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Because he wanted his production to be perfect, Watters continued to scrutinize the Nutcracker tape with the intensity of Balanchine himself. There was one scene that always stopped him, the one in which the women of the corps de ballet leap across the stage as snowflakes on a winter night. Historically, it was meant to be a study in white: the white flakes falling from the ceiling, the white tutus of the dancers, the uniform faces of the dancers, who were—of course—all white. But in the video, one dancer was not. “There was one Black girl in the corps of the snowflakes. She obviously stuck out because”—he paused and shrugged—“snow white/dark skin.”
Why, Watters wondered, was there only one?
Earlier this summer, I watched Watters produce and star in an altogether different sort of one-man performance, this one an Instagram video sponsored by Converse and pegged to Pride Month.
Watters sat on the concrete floor of a rented studio just south of downtown Houston, meticulously calibrating his iPhone on a tripod, his brow knit, his straight back perpendicular to legs splayed like a Raggedy Andy doll’s. He is a slim, perfectly proportioned man with close-cropped hair and the musculature of a Greek statue. His shy smile lights his face from within. Many male ballet dancers possess a near-androgynous beauty, and Watters is no exception. His long, heart-shaped face sets off a heart-shaped mouth. His bright eyes telegraph mischief when he isn’t intensely focused on the task at hand.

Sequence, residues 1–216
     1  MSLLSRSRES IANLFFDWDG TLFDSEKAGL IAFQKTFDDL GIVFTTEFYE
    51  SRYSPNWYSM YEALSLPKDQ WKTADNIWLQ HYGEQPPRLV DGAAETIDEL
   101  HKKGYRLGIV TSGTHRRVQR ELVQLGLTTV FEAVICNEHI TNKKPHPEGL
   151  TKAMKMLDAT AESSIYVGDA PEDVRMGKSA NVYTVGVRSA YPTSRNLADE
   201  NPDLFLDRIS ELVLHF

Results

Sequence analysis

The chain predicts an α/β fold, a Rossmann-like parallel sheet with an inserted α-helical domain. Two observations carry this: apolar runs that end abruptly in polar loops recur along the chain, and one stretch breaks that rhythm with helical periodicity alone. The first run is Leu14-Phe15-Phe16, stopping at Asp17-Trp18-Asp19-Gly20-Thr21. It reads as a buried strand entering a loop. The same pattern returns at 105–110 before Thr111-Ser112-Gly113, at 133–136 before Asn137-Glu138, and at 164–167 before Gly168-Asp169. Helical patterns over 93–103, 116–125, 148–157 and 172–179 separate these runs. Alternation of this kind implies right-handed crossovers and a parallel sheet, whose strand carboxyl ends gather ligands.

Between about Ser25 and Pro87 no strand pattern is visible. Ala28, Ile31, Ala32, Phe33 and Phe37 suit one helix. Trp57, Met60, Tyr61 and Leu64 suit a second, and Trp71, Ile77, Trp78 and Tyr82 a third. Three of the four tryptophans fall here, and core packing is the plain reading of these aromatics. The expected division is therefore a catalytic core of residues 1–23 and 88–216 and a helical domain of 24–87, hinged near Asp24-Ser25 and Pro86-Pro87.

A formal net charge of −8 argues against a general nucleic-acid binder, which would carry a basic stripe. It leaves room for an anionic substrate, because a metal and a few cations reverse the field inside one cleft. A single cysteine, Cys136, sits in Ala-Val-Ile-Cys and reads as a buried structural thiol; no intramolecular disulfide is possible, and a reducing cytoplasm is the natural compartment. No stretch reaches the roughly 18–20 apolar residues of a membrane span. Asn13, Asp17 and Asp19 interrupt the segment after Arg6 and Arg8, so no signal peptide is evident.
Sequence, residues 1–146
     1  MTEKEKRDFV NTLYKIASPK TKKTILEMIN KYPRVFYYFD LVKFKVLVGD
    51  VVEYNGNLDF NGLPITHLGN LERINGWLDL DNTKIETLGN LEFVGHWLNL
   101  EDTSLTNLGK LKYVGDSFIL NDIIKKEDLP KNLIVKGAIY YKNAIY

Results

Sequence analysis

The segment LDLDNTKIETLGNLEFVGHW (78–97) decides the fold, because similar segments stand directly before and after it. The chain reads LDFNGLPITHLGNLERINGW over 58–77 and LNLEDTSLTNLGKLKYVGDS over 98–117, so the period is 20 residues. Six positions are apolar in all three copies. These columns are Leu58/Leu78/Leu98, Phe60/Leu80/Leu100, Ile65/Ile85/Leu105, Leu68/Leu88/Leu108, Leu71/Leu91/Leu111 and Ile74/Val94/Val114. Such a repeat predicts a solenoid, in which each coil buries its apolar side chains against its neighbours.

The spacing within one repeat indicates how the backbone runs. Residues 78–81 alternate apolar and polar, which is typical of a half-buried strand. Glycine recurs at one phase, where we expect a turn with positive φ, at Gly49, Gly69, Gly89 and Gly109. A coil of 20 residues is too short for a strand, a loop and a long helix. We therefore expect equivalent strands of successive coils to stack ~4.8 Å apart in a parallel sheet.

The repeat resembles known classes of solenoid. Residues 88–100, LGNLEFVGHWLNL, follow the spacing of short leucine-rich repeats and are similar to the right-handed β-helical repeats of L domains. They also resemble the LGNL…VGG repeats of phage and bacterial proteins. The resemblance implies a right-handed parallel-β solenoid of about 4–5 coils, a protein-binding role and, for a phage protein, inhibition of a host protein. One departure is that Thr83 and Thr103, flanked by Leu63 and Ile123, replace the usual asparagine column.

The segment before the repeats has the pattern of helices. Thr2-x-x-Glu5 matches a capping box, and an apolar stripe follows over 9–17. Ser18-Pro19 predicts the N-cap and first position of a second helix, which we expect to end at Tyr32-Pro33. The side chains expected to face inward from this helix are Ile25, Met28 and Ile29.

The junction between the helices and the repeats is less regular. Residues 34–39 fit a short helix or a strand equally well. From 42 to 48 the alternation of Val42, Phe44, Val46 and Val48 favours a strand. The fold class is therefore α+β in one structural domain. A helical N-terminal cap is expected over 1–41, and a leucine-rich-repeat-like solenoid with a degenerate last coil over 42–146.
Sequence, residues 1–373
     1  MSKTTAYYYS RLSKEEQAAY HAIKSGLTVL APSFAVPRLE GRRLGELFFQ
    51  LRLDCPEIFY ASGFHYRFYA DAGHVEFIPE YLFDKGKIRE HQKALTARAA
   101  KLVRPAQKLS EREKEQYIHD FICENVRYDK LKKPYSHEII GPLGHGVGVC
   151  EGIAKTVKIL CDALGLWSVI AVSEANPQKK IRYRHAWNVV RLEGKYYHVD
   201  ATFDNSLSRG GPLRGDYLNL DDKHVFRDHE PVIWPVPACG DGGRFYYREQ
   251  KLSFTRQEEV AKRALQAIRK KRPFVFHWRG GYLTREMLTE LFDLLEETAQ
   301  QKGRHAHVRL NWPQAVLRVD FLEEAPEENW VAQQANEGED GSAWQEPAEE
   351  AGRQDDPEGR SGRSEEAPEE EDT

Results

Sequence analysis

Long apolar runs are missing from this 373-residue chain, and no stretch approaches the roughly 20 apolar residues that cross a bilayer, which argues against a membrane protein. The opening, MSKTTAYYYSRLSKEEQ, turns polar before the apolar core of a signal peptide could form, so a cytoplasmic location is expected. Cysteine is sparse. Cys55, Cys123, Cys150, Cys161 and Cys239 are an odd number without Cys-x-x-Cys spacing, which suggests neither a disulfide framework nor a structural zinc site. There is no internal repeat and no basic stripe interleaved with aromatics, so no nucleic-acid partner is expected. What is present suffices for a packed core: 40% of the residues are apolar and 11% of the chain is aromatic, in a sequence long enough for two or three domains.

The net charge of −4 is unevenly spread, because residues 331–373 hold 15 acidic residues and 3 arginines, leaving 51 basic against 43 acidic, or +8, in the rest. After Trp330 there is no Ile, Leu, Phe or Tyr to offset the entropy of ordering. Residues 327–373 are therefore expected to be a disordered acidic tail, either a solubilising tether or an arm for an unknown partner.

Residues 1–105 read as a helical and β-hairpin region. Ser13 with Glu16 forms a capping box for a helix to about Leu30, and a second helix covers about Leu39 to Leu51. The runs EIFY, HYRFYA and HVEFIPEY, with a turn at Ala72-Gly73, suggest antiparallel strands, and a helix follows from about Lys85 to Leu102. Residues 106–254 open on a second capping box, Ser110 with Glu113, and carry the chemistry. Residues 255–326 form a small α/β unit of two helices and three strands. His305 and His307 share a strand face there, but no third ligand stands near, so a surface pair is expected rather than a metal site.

On this day, he had draped his nearly zero-percent-body-fat frame in dad jeans and a faded, possibly ironic “Have a Nice Day” T-shirt. He’d also brought props, the most important of which rested inside a shoebox striped with the colors of the rainbow: a pair of jet-black Converse high-tops with the words “The Moment” displayed in clean white type above the heel.
“Pride is famously the time when people are supposed to come out,” he explained in a voice that was both soft and authoritative. Watters is a lover of the singular moment, the one that embraces a particular drama, whether it be public—taking to the stage—or private or both.
He took the sneakers out of their box and ducked behind a white curtain into a makeshift dressing room. He emerged barefoot in a black leotard and padded to the center of the room. The walls were a stark white. The sun pouring in from the large windows bleached out any remaining color, so his body became an exclamation point on an otherwise blank page.